One of the characteristics of “whiteness”, or of being in the dominant group in the United States society, is the unexamination of our own racial privilege. We, as White people (I am a White male) don’t have to think about stereotypes or prejudice in the same ways that people of color or other minority groups do. Often when we are confronted with our own stereotypes we feel uncomfortable, possibly bad about ourselves, and try to get away from these negative feelings as quick as possible. At the same time, race –for whites too– is a pervasive organizing principle in our society and the more that people who are White try to ignore race, the more we as White people fall into oppressing people of color. And if our discomfort anything compared to the impact of stereotypes on people of color? Instead of trying to adopt the “color-blind” race doesn’t matter attitude, we should strive to understand how race does matter on multiple levels. Our unexamination can lead to negative consequences for others . . . our friends, neighbors, loved ones . . . is that what we want?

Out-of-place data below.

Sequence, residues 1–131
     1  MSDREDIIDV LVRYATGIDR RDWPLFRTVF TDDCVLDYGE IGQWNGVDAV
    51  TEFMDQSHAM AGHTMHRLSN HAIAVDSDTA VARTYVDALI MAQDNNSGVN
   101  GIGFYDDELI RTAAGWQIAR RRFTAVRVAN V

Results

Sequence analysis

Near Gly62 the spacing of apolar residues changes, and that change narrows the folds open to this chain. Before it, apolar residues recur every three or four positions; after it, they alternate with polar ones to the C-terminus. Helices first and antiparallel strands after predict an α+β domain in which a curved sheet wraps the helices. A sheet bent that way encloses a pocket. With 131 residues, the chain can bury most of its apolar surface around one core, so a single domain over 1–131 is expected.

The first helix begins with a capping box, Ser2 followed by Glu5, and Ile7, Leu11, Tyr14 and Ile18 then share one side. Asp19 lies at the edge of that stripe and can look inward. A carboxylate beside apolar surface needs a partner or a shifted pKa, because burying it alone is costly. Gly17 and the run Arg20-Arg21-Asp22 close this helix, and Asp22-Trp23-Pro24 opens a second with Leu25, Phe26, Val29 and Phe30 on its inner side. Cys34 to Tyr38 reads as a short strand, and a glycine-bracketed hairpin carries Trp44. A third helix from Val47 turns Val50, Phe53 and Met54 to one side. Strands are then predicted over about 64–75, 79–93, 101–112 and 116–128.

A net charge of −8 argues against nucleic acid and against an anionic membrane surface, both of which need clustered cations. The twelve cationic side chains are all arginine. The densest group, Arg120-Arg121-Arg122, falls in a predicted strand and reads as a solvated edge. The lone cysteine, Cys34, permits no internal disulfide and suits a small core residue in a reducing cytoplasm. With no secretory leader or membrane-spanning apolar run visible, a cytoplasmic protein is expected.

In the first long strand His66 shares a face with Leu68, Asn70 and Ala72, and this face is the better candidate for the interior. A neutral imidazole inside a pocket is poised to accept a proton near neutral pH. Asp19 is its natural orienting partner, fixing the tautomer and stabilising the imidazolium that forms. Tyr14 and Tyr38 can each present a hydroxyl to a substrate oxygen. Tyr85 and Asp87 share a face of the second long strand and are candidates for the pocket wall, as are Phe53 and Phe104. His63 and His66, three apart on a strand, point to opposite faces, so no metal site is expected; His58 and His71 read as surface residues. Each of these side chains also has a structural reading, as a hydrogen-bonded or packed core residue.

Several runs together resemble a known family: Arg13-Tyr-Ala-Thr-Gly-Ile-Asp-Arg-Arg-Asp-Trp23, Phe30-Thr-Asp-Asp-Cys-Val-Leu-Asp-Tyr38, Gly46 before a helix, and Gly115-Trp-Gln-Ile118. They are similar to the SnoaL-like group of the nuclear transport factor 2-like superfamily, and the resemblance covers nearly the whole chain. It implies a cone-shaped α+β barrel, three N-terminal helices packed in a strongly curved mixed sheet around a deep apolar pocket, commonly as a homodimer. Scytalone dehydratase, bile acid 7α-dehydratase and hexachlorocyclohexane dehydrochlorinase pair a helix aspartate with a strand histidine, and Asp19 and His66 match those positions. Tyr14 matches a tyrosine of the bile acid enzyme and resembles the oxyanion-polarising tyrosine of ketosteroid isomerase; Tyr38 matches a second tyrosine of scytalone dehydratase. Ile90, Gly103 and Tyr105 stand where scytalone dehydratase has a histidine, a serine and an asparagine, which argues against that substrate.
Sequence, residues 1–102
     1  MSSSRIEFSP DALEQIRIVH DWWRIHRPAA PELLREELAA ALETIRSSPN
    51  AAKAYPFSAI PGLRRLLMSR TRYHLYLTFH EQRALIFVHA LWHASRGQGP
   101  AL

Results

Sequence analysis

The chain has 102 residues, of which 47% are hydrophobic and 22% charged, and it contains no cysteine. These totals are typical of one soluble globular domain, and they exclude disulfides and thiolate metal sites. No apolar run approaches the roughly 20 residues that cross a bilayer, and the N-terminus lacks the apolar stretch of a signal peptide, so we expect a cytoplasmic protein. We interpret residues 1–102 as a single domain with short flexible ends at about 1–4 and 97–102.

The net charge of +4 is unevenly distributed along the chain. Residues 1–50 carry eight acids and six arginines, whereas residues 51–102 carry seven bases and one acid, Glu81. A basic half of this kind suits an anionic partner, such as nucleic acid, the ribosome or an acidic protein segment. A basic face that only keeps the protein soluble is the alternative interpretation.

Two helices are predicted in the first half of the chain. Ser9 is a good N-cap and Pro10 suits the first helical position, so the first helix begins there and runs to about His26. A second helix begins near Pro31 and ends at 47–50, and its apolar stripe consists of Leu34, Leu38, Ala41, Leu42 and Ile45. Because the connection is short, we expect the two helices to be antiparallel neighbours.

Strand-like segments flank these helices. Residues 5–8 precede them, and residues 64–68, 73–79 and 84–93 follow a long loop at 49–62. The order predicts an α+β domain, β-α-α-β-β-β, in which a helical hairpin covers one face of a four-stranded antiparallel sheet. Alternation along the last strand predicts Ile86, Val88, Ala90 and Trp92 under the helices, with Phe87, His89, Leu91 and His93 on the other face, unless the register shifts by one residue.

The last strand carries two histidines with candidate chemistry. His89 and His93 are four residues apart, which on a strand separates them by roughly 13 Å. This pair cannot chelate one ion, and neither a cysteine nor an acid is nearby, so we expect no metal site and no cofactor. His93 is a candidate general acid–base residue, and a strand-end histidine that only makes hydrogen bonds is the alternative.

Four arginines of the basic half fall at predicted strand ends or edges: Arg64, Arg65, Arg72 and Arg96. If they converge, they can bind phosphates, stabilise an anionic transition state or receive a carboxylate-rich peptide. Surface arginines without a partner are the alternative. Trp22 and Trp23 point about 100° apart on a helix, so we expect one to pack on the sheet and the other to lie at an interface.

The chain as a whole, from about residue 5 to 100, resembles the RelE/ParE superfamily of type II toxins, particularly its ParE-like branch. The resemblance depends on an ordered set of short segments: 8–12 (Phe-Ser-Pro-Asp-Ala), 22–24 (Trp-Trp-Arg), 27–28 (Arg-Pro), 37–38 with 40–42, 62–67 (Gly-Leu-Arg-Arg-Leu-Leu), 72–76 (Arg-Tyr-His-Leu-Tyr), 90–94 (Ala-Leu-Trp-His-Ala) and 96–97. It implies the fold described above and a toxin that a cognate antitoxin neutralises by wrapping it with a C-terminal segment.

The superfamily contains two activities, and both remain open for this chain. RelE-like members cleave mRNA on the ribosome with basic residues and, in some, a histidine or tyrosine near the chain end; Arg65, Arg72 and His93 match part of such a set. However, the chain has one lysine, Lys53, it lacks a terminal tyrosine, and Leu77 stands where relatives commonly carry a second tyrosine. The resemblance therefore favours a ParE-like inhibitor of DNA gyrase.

Given the religious content of this blog, I also wonder the cost to our own spirituality and authentic relationship with others across difference . . . and doesn’t God over and over again cry out for those in power to examine the effects of their power and, god forbid, give some of it up for the benefit of the marginalized? Maybe we as a Christian community should re-read the biblical prophets through the lens of God’s passion for justice . . . or maybe we would rather focus on the touchy feely good stuff of Christianity that may allow us to feel like we are good people in this world while we ignore our role in the suffering of others. I should probably end this response before I really tell you how I really feel!
    Even if you felt there was some blundering Kristin, thanks for putting some of your White experience out there. We as White people are not going to be perfect, but hopefully by humbling examining our own whiteness we can become better racial allies to people of color (and other marginalized groups).

    ps. if you don’t think that being White matters, check out the following website to see how whiteness and White culture are articulated . . .
    1. Stuff White people Like (http://stuffwhitepeoplelike.com/)
    2. Stuff White people do (http://stuffwhitepeopledo.blogspot.com/)
    3. Black peopel love us (http://blackpeopleloveus.com/)